Intellectual Property Protection under Saudi Arabian Laws

November 28, 2022 - Authors : Hussah Al Aqeel


Intellectual property rights play an important role in the Saudi economy especially with the technology and entertainment revolution in recent years. Such revolution has lead the government of Saudi Arabia to enter into international treaties and enact laws to protect intellectual property rights including Copyrights, Patents, Trademarks, Integrated Circuit Rights, Plant Variety Rights, Industrial Designs, etc.

Intellectual Property Protection under Saudi Arabian Laws

On 3 March 2017, the Saudi Council of Ministers approved the establishment of a governmental body responsible for regulating, supporting, developing, protecting, enforcing, and upgrading the intellectual property rights in Saudi Arabia under the name of the Saudi Arabian Intellectual Property Authority (SAIP) by Cabinet Resolution No. (410), dated 28/06/1438H.


By virtue of Copyright Regulations issued by Royal Decree No M/41, a copyright grants the author the exclusive right to accept or reject the use of his creative work by others such as audio, visual, literary, or artistic work, limited to a specific period. The protection period of creative works for an author would be during his lifetime and for 50 years after the author’s death or the death of the last surviving author for joint works.

In case the author is a corporate entity, the protection period shall be for 50 years from the date of first publication, first performance, or show of audio-visual works, films, collective works, audio recordings, performers, and computer programs.

As for broadcasting organizations, the protection period shall be 20 years from the date of the first transmission of programs or broadcast materials.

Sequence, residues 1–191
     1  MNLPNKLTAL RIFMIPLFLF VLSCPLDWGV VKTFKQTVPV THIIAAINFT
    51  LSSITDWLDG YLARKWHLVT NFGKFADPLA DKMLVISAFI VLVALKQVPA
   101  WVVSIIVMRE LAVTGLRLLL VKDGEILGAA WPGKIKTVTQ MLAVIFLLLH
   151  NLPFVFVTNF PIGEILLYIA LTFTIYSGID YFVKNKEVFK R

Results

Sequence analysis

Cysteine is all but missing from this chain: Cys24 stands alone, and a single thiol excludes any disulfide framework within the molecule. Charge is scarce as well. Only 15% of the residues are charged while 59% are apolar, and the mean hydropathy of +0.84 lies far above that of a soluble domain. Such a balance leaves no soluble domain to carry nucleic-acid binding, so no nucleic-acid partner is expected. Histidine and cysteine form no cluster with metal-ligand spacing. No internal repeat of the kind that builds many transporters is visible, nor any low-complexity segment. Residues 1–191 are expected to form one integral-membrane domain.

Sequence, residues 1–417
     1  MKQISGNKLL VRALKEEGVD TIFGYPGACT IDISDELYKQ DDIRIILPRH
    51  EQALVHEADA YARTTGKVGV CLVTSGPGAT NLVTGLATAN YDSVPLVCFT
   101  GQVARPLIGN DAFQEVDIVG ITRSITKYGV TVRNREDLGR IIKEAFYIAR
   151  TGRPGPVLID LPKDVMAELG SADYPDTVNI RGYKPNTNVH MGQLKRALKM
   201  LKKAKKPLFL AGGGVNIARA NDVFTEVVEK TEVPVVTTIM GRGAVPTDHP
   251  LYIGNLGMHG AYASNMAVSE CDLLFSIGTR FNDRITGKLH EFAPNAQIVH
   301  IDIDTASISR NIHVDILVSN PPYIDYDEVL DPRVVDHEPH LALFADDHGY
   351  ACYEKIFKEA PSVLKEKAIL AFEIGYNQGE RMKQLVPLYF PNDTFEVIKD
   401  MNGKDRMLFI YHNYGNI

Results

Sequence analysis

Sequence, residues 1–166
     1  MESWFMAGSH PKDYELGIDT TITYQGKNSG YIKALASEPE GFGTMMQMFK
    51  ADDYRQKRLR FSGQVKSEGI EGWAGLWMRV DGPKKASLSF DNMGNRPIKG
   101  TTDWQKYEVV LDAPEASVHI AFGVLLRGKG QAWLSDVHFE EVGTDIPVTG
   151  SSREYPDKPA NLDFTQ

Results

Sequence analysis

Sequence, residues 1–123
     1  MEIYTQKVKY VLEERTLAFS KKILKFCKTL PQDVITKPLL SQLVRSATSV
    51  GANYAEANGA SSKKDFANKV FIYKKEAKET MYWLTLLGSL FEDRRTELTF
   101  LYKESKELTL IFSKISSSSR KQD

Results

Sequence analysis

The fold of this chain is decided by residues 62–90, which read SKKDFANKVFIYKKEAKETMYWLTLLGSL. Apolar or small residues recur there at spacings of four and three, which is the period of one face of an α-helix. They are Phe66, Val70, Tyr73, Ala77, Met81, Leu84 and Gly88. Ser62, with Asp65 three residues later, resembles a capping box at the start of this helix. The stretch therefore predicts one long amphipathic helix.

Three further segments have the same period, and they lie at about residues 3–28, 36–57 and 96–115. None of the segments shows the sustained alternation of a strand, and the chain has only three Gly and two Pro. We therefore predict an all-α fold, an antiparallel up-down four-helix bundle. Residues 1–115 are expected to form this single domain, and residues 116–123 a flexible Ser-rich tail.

According to the Copyright Regulations, infringers of a valid copyright are subject to a fine of up to SAR 250,000 in the case of first-time offenders, which can be raised to SAR 500,000 for  repeated infringement.


On the other hand, trademarks are governed by the Trademarks Regulation issued by Royal Decree No M/21 dated 8 August 2002, and its Implementing  Rules.

Registration of a trademark shall be through SAIP which applies the Nice Classification in accordance with the Agreement Concerning the  International Classification of Goods and Services for the Purposes of the Registration of Marks of 1957. The registration allows the owner of a trademark the protection for ten years from the date of application,  renewable for similar periods.

A trademark can be licensed, pledged or transferred by the rightful owner. The trademark may be deleted or cancelled if it is not used for five  consecutive years. According to the Trademarks Regulation, penalties for infringement of a valid trademark include imprisonment for a period of not more than one year and a fine of not less than SAR 50,000 up to SAR one million.

SAIP has now been entrusted to protect and enforce intellectual property rights, and the Commercial Courts preside over infringement related disputes.


Patents in Saudi are governed by (i) the GCC Patents of Inventions Regulation of 2001 which permits the registration of patents with effect throughout the GCC countries, and (ii) Royal Decree No M/27 of 17 July 2005 and its Implementing Rules. These regulations give effect to the Paris Convention for the Protection of Industrial Property under Saudi Arabian domestic law.

To protect a patent in Saudi Arabia, the patent holder or applicant must file an application with a regional office, such as the Saudi Arabian Patent Office, or the GCC Patent Office. The protection document is the personal right of the owner which may be transferred or assigned or licensed to others. Protection is granted to the owner for a duration of twenty years for an invention, ten years for an industrial design and a layout design of an integrated circuit, and twenty to twenty-five years for a new plant variety.

This article, together with any commentary, does not constitute legal advice. It is provided solely for information purposes on a complimentary basis, without consideration of any specific objectives, circumstances, or facts. It reflects then current views of the writer which may modify in time and based on differing objectives, circumstances, or facts. Access to this article does not form any attorney- client relationship.


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